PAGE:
If, through the process of Best Interests decision making, it is agreed that the deprivation of liberty is not in the young person's Best Interests, steps should be taken to review and amend any care or treatment plan (or the manner in which informal care is provided) so that the deprivation is no longer occurring.

If the person providing care or treatment continues to do so in a way that deprives the young person of their liberty when it is not in their Best Interests to do so consideration should be given to:

  • Raising a safeguarding concern;
  • Raising a service provider concern; or
  • Applying to the Court of Protection (especially if there is disagreement about what is in the young person's Best Interests).

6.5 When a deprivation requires authorisation

A deprivation requires authorisation by a Court of law when:

  • The child's parents do not have the authority to agree to the deprivation (see below); or
  • There is disagreement about whether the deprivation is in the Best Interests of the young person.

7. When Parents Can Agree to a Deprivation


Need to Know

Case law is evolving in this area. You should always seek legal advice if the authority of a parent to agree to a deprivation of liberty is unclear.

7.1 Children under the age of 16 who are not subject to a care or interim care order

If the child is not subject to a care or interim care order their parents can agree to the deprivation in the exercise of their parental responsibility so long as the deprivation of liberty is in the child's Best Interests.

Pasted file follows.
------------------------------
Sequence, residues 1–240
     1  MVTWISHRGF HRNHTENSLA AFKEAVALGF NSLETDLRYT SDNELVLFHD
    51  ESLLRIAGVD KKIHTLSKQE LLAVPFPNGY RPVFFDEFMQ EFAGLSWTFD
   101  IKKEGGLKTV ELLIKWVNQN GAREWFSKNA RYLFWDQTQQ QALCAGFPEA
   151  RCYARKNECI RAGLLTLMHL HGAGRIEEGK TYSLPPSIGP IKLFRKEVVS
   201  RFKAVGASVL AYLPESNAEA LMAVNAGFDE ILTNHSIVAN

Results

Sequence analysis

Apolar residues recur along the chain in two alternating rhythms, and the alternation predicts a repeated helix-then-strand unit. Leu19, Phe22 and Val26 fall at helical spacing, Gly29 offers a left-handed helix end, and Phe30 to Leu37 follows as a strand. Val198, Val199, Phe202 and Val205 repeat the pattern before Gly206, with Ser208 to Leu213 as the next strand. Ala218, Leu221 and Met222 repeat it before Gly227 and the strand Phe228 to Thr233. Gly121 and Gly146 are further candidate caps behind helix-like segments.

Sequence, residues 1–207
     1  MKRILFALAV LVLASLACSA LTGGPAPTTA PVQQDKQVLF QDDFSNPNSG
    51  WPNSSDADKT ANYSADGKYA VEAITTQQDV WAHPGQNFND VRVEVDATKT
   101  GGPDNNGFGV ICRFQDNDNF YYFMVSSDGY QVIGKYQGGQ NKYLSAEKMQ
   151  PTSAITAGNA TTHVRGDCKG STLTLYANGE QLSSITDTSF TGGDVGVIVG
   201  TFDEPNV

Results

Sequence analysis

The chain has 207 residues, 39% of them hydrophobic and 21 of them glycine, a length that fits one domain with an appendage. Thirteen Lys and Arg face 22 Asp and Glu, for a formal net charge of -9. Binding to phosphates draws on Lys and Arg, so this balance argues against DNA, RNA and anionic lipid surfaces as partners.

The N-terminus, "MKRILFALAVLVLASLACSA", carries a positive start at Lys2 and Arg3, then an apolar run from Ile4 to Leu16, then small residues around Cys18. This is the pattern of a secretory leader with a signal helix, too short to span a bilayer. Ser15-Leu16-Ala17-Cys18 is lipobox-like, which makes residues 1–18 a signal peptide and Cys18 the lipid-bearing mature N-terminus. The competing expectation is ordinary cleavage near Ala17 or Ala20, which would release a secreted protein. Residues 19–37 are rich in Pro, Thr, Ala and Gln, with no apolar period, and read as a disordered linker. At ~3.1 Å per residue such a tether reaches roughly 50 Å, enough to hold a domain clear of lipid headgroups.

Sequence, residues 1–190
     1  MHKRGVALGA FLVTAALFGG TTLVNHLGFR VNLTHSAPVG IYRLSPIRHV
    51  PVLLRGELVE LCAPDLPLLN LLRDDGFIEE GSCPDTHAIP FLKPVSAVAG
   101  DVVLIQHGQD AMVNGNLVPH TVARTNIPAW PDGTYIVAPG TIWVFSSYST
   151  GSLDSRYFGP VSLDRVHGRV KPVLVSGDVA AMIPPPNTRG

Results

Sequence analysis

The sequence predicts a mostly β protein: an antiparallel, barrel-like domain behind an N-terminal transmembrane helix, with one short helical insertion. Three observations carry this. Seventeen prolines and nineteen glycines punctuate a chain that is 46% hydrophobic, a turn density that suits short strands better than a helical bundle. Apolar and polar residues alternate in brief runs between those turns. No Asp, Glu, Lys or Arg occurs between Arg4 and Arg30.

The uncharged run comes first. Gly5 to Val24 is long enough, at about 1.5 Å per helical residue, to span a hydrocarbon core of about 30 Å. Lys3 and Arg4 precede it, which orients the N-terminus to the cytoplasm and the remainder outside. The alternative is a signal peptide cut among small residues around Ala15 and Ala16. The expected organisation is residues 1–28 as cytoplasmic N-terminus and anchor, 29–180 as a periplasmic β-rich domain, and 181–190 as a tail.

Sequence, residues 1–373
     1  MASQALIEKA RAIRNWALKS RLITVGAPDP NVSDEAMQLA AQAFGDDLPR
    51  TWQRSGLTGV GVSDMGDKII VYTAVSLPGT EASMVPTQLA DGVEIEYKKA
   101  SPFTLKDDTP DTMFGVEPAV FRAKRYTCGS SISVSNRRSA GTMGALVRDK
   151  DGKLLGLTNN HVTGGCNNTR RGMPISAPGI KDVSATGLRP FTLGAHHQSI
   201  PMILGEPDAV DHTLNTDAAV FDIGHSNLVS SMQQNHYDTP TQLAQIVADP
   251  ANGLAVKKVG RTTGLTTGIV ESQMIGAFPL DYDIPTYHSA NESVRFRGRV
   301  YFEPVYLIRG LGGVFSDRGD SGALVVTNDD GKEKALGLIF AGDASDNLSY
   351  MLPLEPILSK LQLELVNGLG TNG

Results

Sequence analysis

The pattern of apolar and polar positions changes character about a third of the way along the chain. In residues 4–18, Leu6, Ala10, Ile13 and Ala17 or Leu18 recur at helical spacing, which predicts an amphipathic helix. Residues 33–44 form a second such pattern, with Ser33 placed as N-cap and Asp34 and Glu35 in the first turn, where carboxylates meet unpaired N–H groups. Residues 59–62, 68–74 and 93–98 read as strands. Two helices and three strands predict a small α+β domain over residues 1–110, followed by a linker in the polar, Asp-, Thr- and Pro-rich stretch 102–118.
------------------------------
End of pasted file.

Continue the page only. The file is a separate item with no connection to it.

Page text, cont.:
7.2 Accommodated children under the age of 16

If the child is accommodated under Section 17 or Section 20 of the Children Act 1989, their parents can agree to the deprivation in the exercise of their parental responsibility, so long as:

  • The deprivation is in the child's Best Interests; and
  • The accommodation is not a prelude to child protection proceedings.

7.3 Children aged 16 and 17

If the child is accommodated under Section 17 or Section 20 of the Children Act 1989, their parents can agree to the deprivation in the exercise of their parental responsibility, so long as:

  • The deprivation is in the child's Best Interests; and
  • The accommodation is not a prelude to child protection proceedings.

8. Authorising Deprivations of Liberty


Need to Know

You should always seek legal advice if the appropriate route to authorise a deprivation of liberty is unclear.

8.1 Principle routes of authorisation

There are 3 principle routes to authorise a Deprivation of Liberty:

  • The use of Section 25 of the Children Act 1989 (secure accommodation orders);
  • The inherent jurisdiction of the High Court under Section 100 (4) of the Children Act 1989; or
  • The Court of Protection.

Further information about each route is set out below.